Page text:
We arrived in Weeki Wachee on Saturday afternoon and after a bit of confusion and backtracking (I'd brought the wrong set of Google Map directions), we found our rental house at the end of an unpaved road, just as we'd been told. The house is charming and the location--well, see for yourselves. This is a photo of our back deck overlooking the Weeki Wachee River. There were lots of kayakers on the river on this balmy day, and the spring-fed water is crystal-clear at 72 degrees. The current propels one downstream at 6 MPH, making it difficult to swim upstream, as we found out. Herb and I went in for a dip and found ourselves drifting downstream at such a rapid rate that we finally latched onto one of our neighbors' docks a few houses down and had to walk across their yard and onto the road to get back to our house.

I've been painting and sketching every day, though I haven't come up with anything I like so far. The water is such a startling blue-green color, and the eddies bubble and sparkle in the sunlight, it's hard to mix the right colors for a convincing effect.

Yesterday, we finally got out the two kayaks that were in the garage and paddled upstream through the wildlife preserve for about two hours as the river meanders towards its source from the incredible Weeki Wachee Spring. We estimated we covered about four to five miles or so, and it was quite a workout, but the scenery was worth the effort. We encountered a manatee along the way, lazily browsing along the bank, and numerous birds: herons and a hawk perched on a branch overhead. The afternoon was magic--better than any Disney jungle safari. On the way back we drifted downstream at such a speed it was hard to control our kayaks. It took only about a thirty-five to forty minutes to cover the ground we'd paddled upstream so laboriously.

Sunday, January 4, 2009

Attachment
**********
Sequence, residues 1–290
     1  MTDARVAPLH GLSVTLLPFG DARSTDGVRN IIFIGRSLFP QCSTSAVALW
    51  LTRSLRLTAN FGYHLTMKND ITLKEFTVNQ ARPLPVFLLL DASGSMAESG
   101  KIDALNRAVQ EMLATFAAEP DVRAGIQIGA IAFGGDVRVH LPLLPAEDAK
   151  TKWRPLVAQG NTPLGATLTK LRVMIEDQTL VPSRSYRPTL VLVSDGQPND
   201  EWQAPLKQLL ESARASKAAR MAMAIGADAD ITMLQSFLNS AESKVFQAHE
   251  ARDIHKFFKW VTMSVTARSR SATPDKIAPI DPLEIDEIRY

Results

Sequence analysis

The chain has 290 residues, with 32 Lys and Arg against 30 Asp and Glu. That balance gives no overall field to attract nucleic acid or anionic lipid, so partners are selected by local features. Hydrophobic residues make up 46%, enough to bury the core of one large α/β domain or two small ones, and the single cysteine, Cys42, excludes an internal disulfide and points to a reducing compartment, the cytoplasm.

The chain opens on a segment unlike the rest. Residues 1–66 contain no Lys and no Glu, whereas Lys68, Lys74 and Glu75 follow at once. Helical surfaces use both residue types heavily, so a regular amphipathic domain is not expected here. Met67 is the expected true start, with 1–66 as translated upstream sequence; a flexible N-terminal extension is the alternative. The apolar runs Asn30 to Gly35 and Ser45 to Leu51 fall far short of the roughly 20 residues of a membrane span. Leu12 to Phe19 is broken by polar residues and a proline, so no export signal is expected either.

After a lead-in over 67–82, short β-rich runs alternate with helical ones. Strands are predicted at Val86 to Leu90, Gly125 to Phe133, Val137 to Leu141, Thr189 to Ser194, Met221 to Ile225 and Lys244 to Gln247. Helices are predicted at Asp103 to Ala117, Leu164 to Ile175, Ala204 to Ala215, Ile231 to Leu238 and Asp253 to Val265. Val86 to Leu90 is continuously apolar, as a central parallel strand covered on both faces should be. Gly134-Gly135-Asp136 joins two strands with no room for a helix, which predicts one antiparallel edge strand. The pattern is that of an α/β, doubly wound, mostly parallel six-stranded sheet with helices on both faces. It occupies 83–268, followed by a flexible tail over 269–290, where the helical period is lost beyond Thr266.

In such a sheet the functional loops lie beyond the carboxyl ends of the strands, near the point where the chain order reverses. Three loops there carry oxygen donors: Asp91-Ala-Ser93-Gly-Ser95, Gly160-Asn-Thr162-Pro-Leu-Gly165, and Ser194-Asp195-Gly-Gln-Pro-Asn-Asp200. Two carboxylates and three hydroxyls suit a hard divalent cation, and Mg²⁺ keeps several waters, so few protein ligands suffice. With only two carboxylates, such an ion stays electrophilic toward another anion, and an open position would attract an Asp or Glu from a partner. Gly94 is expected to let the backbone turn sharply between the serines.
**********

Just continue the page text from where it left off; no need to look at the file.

The Okefenokee Swamp



We left for Florida a day early so that we could spend the extra day at the Okefenokee Swamp, a place I'd always wanted to see and paint. After an overnight stop in Savannah, we awakened to a light drizzle, which became heavier on the way to breakfast by the Savannah River waterfront. I was afraid it would rain all day and we'd have to call our outing off. Luckily, it gradually cleared during our meal, and by the time we got on the road, it was sunny and getting warmer--a beautiful day.

We drove to the eastern entrance, the most easily accessible from I-95, and stopped at the visitor center for directions, selecting the Swamp Walk Trail as best for my purpose. A 4,000-foot boardwalk culminates in an observation tower overlooking the swamp.

I loaded my gear onto my latest plein air aid--a rolling cart--and set off, but my cart made an awful racket rolling over the boardwalk. There were many interesting side trails, but I was sure the rattle of my cart would scare any wildlife along the way, so I was surprised to see a small alligator sunning in a hole by the boardwalk. We saw some cranes far off in the distance, and finally stopped by a large pond with cypresses in the distance. It was getting on to three in the afternoon when I finally started painting, keenly aware that the refuge would close at sundown, only a couple of hours away now.

My painting is a bit rough, but considering the time limit, I think my val-hues are close and the painting "reads". There were so many unusual colors in this landscape at this time of the year, it was hard to figure out how to mix them: the Spanish moss, the grasses and shrubs, the swamp water... all in such wonderful harmonies! Herb admitted he enjoyed the day far more than he expected, and we managed to drive out just as the sun was sinking below the slash pines.

Saturday, January 3, 2009

South of the Border

Driving to Florida on I-95, you know you've crossed the South Carolina state line when you come across this landmark: the South of the Border rest stop. It has a Mexican theme, a very amusing, can't-miss-it logo and concessions with all kinds of merchandise, all themed. Herb chose the big sombrero tower as the setting for the hair-raising climax of his most recent novel, "Three Out of Four Heroes." The novel hasn't been published yet (we're working on it) but I love this photo of Herb sitting in our car at dusk during our drive down.